Notice in the diagram the flow of data from the center (mediated by API and Platforms/services), connecting the ecosystem with the servitization and connecting the experience with the augmented intelligence. Looking at the diagram you see the horizontal separation of Production side and Market side, but you may also notice a fuzzier separation (that is why I did not place a dividing horizontal line) between the upper part that is related to the organisation and the lower part that is related to people (and machines/robots, on both sides).

Looking forward to your comments.

 

About Roberto Saracco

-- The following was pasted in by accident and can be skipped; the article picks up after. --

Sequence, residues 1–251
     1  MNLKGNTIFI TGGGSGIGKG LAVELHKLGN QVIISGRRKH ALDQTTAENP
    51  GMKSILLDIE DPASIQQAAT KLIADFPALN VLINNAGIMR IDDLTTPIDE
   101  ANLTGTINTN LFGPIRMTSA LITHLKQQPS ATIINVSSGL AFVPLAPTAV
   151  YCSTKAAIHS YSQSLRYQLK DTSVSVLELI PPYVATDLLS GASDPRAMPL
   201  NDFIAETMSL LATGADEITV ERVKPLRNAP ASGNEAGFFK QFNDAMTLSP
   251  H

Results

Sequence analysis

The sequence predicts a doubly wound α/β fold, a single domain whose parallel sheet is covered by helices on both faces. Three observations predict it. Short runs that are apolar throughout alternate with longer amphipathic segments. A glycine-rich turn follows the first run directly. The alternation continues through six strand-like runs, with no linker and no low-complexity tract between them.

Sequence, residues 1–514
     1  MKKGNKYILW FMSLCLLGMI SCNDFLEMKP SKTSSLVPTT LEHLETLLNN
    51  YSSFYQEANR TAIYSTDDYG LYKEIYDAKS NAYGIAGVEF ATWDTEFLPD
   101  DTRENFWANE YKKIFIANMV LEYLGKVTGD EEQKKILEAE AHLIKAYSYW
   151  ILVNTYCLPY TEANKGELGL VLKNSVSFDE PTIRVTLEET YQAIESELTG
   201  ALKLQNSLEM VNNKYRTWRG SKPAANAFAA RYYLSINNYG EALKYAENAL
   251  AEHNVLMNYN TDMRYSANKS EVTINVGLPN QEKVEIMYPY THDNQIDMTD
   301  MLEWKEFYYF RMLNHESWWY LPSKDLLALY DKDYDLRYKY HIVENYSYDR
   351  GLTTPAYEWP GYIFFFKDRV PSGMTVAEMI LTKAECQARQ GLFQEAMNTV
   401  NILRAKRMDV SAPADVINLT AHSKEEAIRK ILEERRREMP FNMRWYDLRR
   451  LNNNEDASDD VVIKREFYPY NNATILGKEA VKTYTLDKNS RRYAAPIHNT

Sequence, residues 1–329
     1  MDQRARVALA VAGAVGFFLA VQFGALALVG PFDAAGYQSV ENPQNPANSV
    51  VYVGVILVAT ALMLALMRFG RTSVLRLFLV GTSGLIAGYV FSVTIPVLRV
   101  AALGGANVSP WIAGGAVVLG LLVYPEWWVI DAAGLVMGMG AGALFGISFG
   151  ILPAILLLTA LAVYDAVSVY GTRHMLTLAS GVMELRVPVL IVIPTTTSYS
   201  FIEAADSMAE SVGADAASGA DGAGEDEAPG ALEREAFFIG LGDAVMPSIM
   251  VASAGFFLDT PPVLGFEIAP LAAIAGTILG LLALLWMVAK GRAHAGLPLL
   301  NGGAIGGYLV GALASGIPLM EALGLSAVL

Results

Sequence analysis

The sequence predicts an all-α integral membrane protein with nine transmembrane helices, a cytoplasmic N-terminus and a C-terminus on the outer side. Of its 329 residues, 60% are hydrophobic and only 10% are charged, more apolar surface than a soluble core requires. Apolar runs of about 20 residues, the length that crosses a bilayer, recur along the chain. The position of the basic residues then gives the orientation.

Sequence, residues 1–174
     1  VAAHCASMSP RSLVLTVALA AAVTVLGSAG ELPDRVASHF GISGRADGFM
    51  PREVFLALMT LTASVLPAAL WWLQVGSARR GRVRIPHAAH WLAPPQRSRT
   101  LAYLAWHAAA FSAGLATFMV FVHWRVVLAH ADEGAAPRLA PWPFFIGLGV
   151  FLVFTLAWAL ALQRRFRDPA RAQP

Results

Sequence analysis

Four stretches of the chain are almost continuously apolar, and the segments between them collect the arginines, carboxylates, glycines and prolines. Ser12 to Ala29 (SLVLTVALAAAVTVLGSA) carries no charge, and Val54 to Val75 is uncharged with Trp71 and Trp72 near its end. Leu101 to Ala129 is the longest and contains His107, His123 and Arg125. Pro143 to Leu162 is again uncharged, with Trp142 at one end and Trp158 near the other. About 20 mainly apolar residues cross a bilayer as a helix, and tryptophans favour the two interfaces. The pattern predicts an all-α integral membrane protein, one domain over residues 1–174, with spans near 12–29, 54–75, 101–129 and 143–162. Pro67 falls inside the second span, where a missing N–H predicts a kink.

Roberto Saracco fell in love with technology and its implications long time ago. His background is in math and computer science. Until April 2017 he led the EIT Digital Italian Node and then was head of the Industrial Doctoral School of EIT Digital up to September 2018. Previously, up to December 2011 he was the Director of the Telecom Italia Future Centre in Venice, looking at the interplay of technology evolution, economics and society. At the turn of the century he led a World Bank-Infodev project to stimulate entrepreneurship in Latin America. He is a senior member of IEEE where he leads the Industry Advisory Board within the Future Directions Committee and co-chairs the Digital Reality Initiative. He teaches a Master course on Technology Forecasting and Market impact at the University of Trento. He has published over 100 papers in journals and magazines and 14 books.